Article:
To link into your worship thoughts a couple of posts ago, "church growth" told us the story that making disciples wasn't really the key, but "getting the unchurched into church." Thus, people aren't "lost, unsaved" but "seekers, pre-christian, etc" When the story is that we are to simply get people TO church or INTO church, thus making them CHURCHED instead of UNchurched, you get churches and worship services you so eloquently rail against. When the story changed from making disciples to "reaching the unchurched," basic marketing takes over.
It's not that surprising to see churches become "the fastest growing church in (name geographic location)." Just because something grows fast or big doesn't mean it's good. Tumors grow big, cancer grows fast.

Anyway back to the Yale thing, I don't doubt you felt awkward trying to tell the tour guide why you were there...you wuz marginalized bro'!
Pic is funny if it weren't so ironically sad!

There's going to be a part 3! Oh man were are lucky to be Farmstrongers!

12:13 PM EDT  
Blogger Omar said...


Is that taken from the George W. Bush school of lexical and syntax formation?

That would make you the Chapel "Decider" working on the "strategery" of the worship services.

Sorry... working through lots of anger right now.

1:32 PM EDT  
Blogger JohnDeere said...

some nice turns there jp-- thanks for taking the analysis onward. so far you are in first place for "FARMer of the Day Award."

As for you-- Mr. Omarhetorician-- steeping in anger. . . . . likening me to your arch foe and chief persecutor. . . . . . go back now and check the link appearing in concert with the word you have chastised me for. you'll love it. we shall let another Arkansan have the last word.

2:19 PM EDT  
Blogger gmw said...

good thoughts, JP. you're point about the 80s greed leading to the CEO issues of the 00s reminds me of John Updike's In the Beauty of the Lilies, which traces four generations of a family from the early 1900s to the 1990s. It begins with a clergyman who succumbs to secularism and stops believing in God. that sets the following generations on an unstable spiritual trajectory that has the fourth one joining a cult in Colorado reminiscient of the Branch Davidians in Waco. This family is not unlike America as a whole over the same period.

I also remember an article in The Economist from this spring on American megachurches and their CEO style approach. Commenting on Willow Creek, they pointed out that the approach was primarily sociologically driven. Then, an interesting observation: "the result of this, predictably, was growth."

We talk about the value of engaging modern disciplines such as sociology, psychology, secular leadership, etc, and in theory it seems alright--engage them, but keep the theological discipline primary. Hard to find the "theory" embodied well.

Finally, regarding the Yale experience, at Asbury, Keisling had us read Charles Malik's A Christian Critique of the University, which tackled the change from American universities' Christian beginnings to their secularism today. An informative read.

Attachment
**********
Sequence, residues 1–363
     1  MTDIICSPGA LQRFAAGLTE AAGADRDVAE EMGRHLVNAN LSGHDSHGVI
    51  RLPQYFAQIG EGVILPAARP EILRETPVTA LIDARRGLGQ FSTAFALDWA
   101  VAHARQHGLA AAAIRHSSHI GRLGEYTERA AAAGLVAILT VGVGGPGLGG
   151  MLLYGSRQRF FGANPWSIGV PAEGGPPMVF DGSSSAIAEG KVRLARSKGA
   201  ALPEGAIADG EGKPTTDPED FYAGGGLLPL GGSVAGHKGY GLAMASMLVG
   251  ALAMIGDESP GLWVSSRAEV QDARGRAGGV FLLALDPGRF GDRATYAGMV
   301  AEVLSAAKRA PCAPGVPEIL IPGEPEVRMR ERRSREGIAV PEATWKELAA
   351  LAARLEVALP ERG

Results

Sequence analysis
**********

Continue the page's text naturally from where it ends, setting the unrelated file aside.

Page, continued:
12:40 AM EDT  
Anonymous Matt Purmort said...

Edwards wouldn't recognize the institution he was president of, but probably Wesley, Luther and others would be just as appalled of some of the institutions that claim there name or heritage.

10:41 AM EDT  
Blogger JohnDeere said...

guy-- could you give me the link on that economist article-- sounds fascinating. thanks for the engagment. my hunch is that so many of these mega churches will be approaching a moment in the not too distant future where they will require a complete "re-modeling" along lines and categories distinctly theological than psychological and retail. this work will require immense creativity and a completely new approach to pastoral leadership-- one whose vocation sensitizes them to more of the sheep-like qualities of persons rather than the shopper-like tendencies-- leading to a quality of ministry issuing forth from the simplicity of the framework: Do you love me? Feed my sheep.

11:06 AM EDT  
Blogger brandon said...

This comment has been removed by a blog administrator.

5:26 PM EDT  
Blogger ap said...

This is just FYI: I have loved the two tour guides posts. I am finding out that blogs are semi-communal places and breaking in to them via commenting is not as easy as one might think.

9:13 AM EDT  
Blogger gmw said...

JD, I'll find the link, or mail you a photocopy. I think I've still got the mag. You know, you see some of the awareness growing recently with Rick Warren confessing his missing the Scripture's emphasis on the poor. I remember him saying something like, "how did I miss this all this time?" We may have ideas about an answer to that question, but more importantly, praise God that an organizational genius is putting his energy and influence into this ministry--what a gift to the body of Christ.

not unlike an issue of Christianity Today from some time in the past year on racial diversity in ministry. Hybels was confessional about his own neglect of this for many years in his ministry at WC (not that we've got much of a finger to point with in terms of our own success--UM's that is). Really admirable to be open and confessional like that. But then a telling explanation implicit in his comments. Something to this effect: "In those early days, I was just so pragmatic about people's eternal destiny, I wasn't thinking about these other things." "Pragmatic" about what? Getting people saved into heaven. The gospel being only/primarily about what happens after we die, not about the coming kingdom of God. From a kingdom of God perspective, one might suggest that pragmatism was a motivator for racial reconciliation and diversity at church. ok, that's plenty of blogging, er, I mean, commenting on your blog for now.

12:02 AM EDT  
Blogger Mark said...

I see nobody has ventured out to comment on how hilarious the "eager tour guide" photo is. Perhaps if you had traversed that tour in sheer bordom and heat exhaustion you may have had as many laughs at that photo as we did.

I was actually suprised at how much ridiculous fun you can have with a camera.

JD- I started my first day at Fox today. The folks here really make me feel at home - lots of laughs. Miss you terribly.


9:14 PM EDT